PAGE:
Imagine a map of the world. In mid-1997, when Thailand's economy became the first in Asia to collapse, we could have colored that country red. Now, only 14 months later, the entire developing world would be crimson. The worst international economic crisis in 50 years, which no one foresaw, has ravaged two-thirds of the globe. Standards of living, so painfully raised, are falling. The U.S. economy and financial markets, initially expected to escape unscathed, are also damaged.
Stunned observers are asking whether the international economic and financial system is broken. Several larger developing nations that were pursuing open-market policies for years, including Hong Kong, Malaysia and Russia, are reversing course. They are, in effect, dropping out of the global economy. There are increasing calls for curtailing the worldwide system of floating exchange rates and free flows of capital. Previously, these were icons of global economic progress.
But our international economic system, based on open and competitive markets for goods and capital, is the right one. It is the safety net underneath that is torn and needs repair. Resources for the International Monetary Fund, emergency lender to governments, must be vastly expanded. An early-warning system on financial and economic weaknesses and individual nations is long overdue. The United States and Europe should engineer a lowering of worldwide interest rates now to cushion against global recession and deflation.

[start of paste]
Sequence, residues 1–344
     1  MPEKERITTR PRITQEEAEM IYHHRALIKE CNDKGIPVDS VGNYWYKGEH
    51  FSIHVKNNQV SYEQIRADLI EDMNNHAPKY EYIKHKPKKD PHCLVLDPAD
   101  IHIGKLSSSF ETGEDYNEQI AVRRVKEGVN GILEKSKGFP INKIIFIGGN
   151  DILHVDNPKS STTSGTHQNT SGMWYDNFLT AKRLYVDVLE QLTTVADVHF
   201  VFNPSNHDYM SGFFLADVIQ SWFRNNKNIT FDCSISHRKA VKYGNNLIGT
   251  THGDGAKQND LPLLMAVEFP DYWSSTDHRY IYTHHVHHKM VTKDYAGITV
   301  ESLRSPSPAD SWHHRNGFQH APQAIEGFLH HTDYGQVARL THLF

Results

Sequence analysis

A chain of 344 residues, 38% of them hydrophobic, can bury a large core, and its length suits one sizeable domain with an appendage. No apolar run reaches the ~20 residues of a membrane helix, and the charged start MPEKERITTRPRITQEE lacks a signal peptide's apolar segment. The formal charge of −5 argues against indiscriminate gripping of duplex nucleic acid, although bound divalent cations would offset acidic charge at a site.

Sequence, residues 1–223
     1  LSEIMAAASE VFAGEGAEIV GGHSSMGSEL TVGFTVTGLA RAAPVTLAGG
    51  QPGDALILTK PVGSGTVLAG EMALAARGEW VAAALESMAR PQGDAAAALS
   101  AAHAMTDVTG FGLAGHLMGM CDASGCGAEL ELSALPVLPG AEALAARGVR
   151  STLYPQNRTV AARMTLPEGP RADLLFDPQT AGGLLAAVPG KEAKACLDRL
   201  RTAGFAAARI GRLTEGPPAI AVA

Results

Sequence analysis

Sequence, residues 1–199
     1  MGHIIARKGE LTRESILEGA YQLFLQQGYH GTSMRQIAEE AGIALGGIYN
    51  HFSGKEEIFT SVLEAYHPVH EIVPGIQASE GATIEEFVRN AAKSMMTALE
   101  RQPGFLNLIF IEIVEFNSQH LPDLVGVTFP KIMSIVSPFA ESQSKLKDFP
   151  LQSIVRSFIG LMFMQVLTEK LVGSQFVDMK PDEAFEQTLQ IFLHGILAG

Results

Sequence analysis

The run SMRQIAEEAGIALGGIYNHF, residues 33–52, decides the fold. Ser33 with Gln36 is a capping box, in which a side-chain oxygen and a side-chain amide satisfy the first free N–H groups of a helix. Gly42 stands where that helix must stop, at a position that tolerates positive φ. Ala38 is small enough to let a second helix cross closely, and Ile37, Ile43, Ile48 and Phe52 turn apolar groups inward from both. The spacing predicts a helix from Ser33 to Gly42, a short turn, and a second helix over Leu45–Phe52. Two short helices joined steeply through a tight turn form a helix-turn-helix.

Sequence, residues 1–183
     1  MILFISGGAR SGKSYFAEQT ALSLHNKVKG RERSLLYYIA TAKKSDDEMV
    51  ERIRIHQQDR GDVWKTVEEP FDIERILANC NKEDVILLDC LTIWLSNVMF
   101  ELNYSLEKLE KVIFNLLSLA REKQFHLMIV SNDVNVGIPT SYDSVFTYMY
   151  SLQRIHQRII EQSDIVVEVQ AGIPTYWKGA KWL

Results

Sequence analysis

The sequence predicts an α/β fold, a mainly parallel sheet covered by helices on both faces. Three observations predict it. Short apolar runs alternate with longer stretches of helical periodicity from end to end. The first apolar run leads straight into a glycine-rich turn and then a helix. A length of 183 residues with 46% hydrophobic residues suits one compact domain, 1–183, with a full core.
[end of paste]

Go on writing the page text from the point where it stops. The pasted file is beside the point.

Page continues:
It is important to understand how a collapse of this magnitude could have happened and whether its spread can be stopped, as well as the flaws in the international system that have been exposed. These are the crucial questions that must be answered--and fast.
Let's begin by understanding the illness. First, a part of the problem is the classic tendency of financial markets to overshoot, both on the upside and the downside. As Federal Reserve Chairman Alan Greenspan observed last week, they are usually too euphoric or too pessimistic. The current, wholesale investor boycott of all developing countries is a prime example.
Second, a group of Asian economies is sicker than anyone realized. A combination of complacent global investors and poor data issued by these countries enabled them to appear healthier than they were.
It turned out that much of the recent growth in countries such as Thailand, Indonesia, South Korea and Malaysia was artificial. For reasons of cronyism and politics, their governments had induced local banks to shovel loans into unproductive enterprises. Foreign lenders also were eagerly providing financing. The result was overcapacity, unprofitability, bad loans and a dependence on foreign capital, usually denominated in dollars.
When the real condition of numerous industries and banks became clear, investors fled. They sold local assets so aggressively that currencies fell sharply. To defend them, nations depleted their treasuries and verged on national insolvency. This prompted a series of huge, IMF-led Asian bailouts. They succeeded in preventing defaults, but not in averting severe declines in their financial markets and economies.